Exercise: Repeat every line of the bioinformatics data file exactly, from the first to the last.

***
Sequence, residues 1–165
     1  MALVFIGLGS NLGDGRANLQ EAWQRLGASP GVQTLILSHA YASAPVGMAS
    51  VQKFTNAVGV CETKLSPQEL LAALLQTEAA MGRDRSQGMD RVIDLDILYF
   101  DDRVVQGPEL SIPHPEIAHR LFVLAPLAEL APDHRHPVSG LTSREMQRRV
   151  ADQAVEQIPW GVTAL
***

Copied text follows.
Sequence, residues 1–165
     1  MALVFIGLGS NLGDGRANLQ EAWQRLGASP GVQTLILSHA YASAPVGMAS
    51  VQKFTNAVGV CETKLSPQEL LAALLQTEAA MGRDRSQGMD RVIDLDILYF
   101  DDRVVQGPEL SIPHPEIAHR LFVLAPLAEL APDHRHPVSG LTSREMQRRV
   151  ADQAVEQIPW GVTAL